Hobby Lobby reached a deal with the Virginia Attorney General in an action accusing the retailer of deceptive pricing.

According to the complaint, the arts and crafts retail chain “routinely” advertised discounts compared to “other sellers,” but did not disclose what its prices were actually being compared to, as required by state law.

“Comparison shopping can be a useful tool for finding good deals, but comparison price advertising only works if businesses are clear about their prices and how they compare to competitors,” AG Mark Herring said in a statement.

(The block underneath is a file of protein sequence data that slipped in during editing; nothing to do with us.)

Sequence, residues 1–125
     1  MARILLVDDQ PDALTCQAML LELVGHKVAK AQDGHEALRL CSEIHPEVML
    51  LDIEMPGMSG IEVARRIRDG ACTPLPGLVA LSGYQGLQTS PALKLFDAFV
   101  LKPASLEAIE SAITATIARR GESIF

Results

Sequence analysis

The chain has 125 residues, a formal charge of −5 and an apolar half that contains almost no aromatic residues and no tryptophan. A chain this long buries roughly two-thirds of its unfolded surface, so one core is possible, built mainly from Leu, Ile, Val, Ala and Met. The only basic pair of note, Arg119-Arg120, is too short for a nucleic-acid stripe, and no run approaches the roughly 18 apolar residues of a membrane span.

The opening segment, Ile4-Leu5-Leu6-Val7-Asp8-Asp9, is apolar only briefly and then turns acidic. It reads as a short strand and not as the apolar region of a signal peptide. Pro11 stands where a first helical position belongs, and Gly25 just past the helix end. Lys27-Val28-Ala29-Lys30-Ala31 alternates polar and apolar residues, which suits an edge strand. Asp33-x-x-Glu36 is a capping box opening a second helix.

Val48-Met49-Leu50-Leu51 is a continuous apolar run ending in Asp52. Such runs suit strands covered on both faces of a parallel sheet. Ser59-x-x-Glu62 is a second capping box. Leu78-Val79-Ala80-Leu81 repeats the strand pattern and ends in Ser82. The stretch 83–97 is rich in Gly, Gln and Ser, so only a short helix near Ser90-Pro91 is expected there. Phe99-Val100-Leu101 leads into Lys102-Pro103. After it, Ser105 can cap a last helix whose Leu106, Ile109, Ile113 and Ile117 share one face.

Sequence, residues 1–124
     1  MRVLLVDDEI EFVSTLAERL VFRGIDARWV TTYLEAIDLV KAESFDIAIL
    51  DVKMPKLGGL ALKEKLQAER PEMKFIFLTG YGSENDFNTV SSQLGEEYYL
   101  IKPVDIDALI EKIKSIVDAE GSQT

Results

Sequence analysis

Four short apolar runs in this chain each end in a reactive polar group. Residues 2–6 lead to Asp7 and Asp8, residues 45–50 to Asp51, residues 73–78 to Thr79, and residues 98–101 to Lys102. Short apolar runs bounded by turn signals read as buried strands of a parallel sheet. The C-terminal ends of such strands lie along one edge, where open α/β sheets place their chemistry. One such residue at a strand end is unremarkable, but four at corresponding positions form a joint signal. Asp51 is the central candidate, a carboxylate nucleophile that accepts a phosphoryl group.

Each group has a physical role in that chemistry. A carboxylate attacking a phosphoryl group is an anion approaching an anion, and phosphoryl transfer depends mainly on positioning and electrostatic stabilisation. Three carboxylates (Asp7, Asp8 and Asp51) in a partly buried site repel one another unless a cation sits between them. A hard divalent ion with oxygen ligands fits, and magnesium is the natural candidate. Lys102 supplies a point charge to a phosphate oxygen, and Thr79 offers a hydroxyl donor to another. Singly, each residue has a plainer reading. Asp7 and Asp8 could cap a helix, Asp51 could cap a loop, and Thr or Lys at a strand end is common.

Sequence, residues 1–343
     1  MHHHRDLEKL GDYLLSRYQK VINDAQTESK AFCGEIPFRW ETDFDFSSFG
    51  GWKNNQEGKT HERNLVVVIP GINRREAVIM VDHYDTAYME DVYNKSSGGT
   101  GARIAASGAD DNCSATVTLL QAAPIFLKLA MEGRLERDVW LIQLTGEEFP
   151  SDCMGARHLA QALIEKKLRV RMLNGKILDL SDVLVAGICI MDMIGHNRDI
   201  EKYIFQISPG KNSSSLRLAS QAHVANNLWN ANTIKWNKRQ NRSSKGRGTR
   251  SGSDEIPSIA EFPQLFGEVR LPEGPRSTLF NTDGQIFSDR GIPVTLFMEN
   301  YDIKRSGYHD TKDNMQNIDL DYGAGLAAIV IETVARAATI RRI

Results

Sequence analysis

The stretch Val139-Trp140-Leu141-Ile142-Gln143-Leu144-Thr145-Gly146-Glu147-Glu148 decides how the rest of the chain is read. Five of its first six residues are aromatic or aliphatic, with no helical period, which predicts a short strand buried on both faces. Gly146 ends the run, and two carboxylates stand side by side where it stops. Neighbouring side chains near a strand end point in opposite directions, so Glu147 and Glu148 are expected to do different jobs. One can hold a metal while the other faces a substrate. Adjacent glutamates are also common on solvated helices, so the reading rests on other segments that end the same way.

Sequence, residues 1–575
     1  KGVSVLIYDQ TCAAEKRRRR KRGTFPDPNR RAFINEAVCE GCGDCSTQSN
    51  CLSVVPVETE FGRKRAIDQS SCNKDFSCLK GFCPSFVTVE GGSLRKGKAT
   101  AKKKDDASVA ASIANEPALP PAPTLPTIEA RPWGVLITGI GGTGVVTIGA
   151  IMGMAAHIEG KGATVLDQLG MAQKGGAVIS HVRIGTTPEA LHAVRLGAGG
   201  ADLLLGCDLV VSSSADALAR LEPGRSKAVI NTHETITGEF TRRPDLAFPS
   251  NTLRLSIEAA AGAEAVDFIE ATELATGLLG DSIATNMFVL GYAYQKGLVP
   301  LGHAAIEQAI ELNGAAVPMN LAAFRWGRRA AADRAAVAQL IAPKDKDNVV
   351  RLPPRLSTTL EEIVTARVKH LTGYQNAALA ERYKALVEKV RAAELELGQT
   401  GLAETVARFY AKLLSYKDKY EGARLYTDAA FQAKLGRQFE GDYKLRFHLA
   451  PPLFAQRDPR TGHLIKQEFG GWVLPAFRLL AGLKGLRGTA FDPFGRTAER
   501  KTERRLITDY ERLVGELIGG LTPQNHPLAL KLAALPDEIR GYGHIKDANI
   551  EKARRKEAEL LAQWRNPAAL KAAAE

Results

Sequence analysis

In addition to paying the state an $8,000 civil penalty, Hobby Lobby is subject to a permanent injunction against future violations of the state’s Comparison Price Advertising Act.

Why it matters: Deceptive pricing suits have been a popular choice for consumer class actions—JCPenny was one recent target—and now regulators, such as the Virginia AG, are getting in on the act.